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Luke 1

Explanatory Preface

1:1 Now 1  many have undertaken to compile an account 2  of the things 3  that have been fulfilled 4  among us, 1:2 like the accounts 5  passed on 6  to us by those who were eyewitnesses and servants of the word 7  from the beginning. 8  1:3 So 9  it seemed good to me as well, 10  because I have followed 11  all things carefully from the beginning, to write an orderly account 12  for you, most excellent Theophilus, 1:4 so that you may know for certain 13  the things you were taught. 14 

Birth Announcement of John the Baptist

1:5 During the reign 15  of Herod 16  king of Judea, there lived a priest named Zechariah who belonged to 17  the priestly division of Abijah, 18  and he had a wife named Elizabeth, 19  who was a descendant of Aaron. 20  1:6 They 21  were both righteous in the sight of God, following 22  all the commandments and ordinances of the Lord blamelessly. 23  1:7 But they did not have a child, because Elizabeth was barren, 24  and they were both very old. 25 

1:8 Now 26  while Zechariah 27  was serving as priest before God when his division was on duty, 28  1:9 he was chosen by lot, according to the custom of the priesthood, 29  to enter 30  the holy place 31  of the Lord and burn incense. 1:10 Now 32  the whole crowd 33  of people were praying outside at the hour of the incense offering. 34  1:11 An 35  angel of the Lord, 36  standing on the right side of the altar of incense, appeared 37  to him. 1:12 And Zechariah, visibly shaken when he saw the angel, 38  was seized with fear. 39  1:13 But the angel said to him, “Do not be afraid, Zechariah, for your prayer has been heard, 40  and your wife Elizabeth will bear you a son; you 41  will name him John. 42  1:14 Joy and gladness will come 43  to you, and many will rejoice at 44  his birth, 45  1:15 for he will be great in the sight of 46  the Lord. He 47  must never drink wine or strong drink, and he will be filled with the Holy Spirit, even before his birth. 48  1:16 He 49  will turn 50  many of the people 51  of Israel to the Lord their God. 1:17 And he will go as forerunner before the Lord 52  in the spirit and power of Elijah, to turn the hearts of the fathers back to their children and the disobedient to the wisdom of the just, 53  to make ready for the Lord a people prepared for him.”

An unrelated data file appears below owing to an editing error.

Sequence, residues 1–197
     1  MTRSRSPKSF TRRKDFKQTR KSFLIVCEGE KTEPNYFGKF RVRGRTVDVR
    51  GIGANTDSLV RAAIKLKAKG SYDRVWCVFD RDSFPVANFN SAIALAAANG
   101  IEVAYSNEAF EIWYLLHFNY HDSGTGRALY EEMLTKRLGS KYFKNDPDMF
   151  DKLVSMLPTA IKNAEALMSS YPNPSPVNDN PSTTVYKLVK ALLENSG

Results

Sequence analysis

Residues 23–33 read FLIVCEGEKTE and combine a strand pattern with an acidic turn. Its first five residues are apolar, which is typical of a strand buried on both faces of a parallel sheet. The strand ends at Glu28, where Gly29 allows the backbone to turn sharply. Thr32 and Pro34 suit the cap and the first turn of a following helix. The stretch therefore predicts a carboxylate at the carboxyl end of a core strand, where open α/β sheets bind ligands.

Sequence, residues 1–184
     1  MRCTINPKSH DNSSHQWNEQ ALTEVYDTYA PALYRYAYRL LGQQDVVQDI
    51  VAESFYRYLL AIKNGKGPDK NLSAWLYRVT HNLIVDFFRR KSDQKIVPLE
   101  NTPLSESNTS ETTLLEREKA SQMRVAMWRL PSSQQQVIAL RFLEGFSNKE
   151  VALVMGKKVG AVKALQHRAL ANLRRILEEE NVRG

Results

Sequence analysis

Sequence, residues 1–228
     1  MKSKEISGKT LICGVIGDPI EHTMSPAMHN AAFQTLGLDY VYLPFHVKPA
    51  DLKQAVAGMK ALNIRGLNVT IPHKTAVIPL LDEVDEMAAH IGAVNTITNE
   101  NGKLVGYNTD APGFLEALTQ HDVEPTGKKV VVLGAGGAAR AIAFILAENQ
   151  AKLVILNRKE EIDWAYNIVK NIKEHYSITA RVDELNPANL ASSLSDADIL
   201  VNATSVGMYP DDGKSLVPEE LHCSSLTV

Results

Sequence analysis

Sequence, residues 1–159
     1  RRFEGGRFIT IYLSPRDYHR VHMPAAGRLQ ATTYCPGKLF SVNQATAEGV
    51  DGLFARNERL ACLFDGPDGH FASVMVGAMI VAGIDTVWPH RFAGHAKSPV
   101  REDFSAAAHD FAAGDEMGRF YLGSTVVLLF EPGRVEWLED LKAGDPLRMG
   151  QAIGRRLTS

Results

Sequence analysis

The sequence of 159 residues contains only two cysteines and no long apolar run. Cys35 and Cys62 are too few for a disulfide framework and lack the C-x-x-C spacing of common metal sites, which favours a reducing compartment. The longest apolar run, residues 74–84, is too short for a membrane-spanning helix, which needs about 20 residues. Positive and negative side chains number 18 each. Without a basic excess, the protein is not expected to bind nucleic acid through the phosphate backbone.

1:18 Zechariah 54  said to the angel, “How can I be sure of this? 55  For I am an old man, and my wife is old as well.” 56  1:19 The 57  angel answered him, “I am Gabriel, who stands 58  in the presence of God, and I was sent to speak to you and to bring 59  you this good news. 1:20 And now, 60  because you did not believe my words, which will be fulfilled in their time, 61  you will be silent, unable to speak, 62  until the day these things take place.”

1:21 Now 63  the people were waiting for Zechariah, and they began to wonder 64  why he was delayed in the holy place. 65  1:22 When 66  he came out, he was not able to speak to them. They 67  realized that he had seen a vision 68  in the holy place, 69  because 70  he was making signs to them and remained unable to speak. 71  1:23 When his time of service was over, 72  he went to his home.

1:24 After some time 73  his wife Elizabeth became pregnant, 74  and for five months she kept herself in seclusion. 75  She said, 76  1:25 “This is what 77  the Lord has done for me at the time 78  when he has been gracious to me, 79  to take away my disgrace 80  among people.” 81 

Birth Announcement of Jesus the Messiah

1:26 In the sixth month of Elizabeth’s pregnancy, 82  the angel Gabriel 83  was sent by 84  God to a town of Galilee called Nazareth, 85  1:27 to a virgin engaged 86  to a man whose name was Joseph, a descendant of David, 87  and the virgin’s name was Mary. 1:28 The 88  angel 89  came 90  to her and said, “Greetings, favored one, 91  the Lord is with you!” 92  1:29 But 93  she was greatly troubled 94  by his words and began to wonder about the meaning of this greeting. 95  1:30 So 96  the angel said to her, “Do not be afraid, 97  Mary, for you have found favor 98  with God! 1:31 Listen: 99  You will become pregnant 100  and give birth to 101  a son, and you will name him 102  Jesus. 103  1:32 He 104  will be great, 105  and will be called the Son of the Most High, 106  and the Lord God will give him the throne of his father 107  David. 1:33 He 108  will reign over the house of Jacob 109  forever, and his kingdom will never end.” 1:34 Mary 110  said to the angel, “How will this be, since I have not had sexual relations with 111  a man?” 1:35 The angel replied, 112  “The Holy Spirit will come upon you, and the power of the Most High will overshadow 113  you. Therefore the child 114  to be born 115  will be holy; 116  he will be called the Son of God.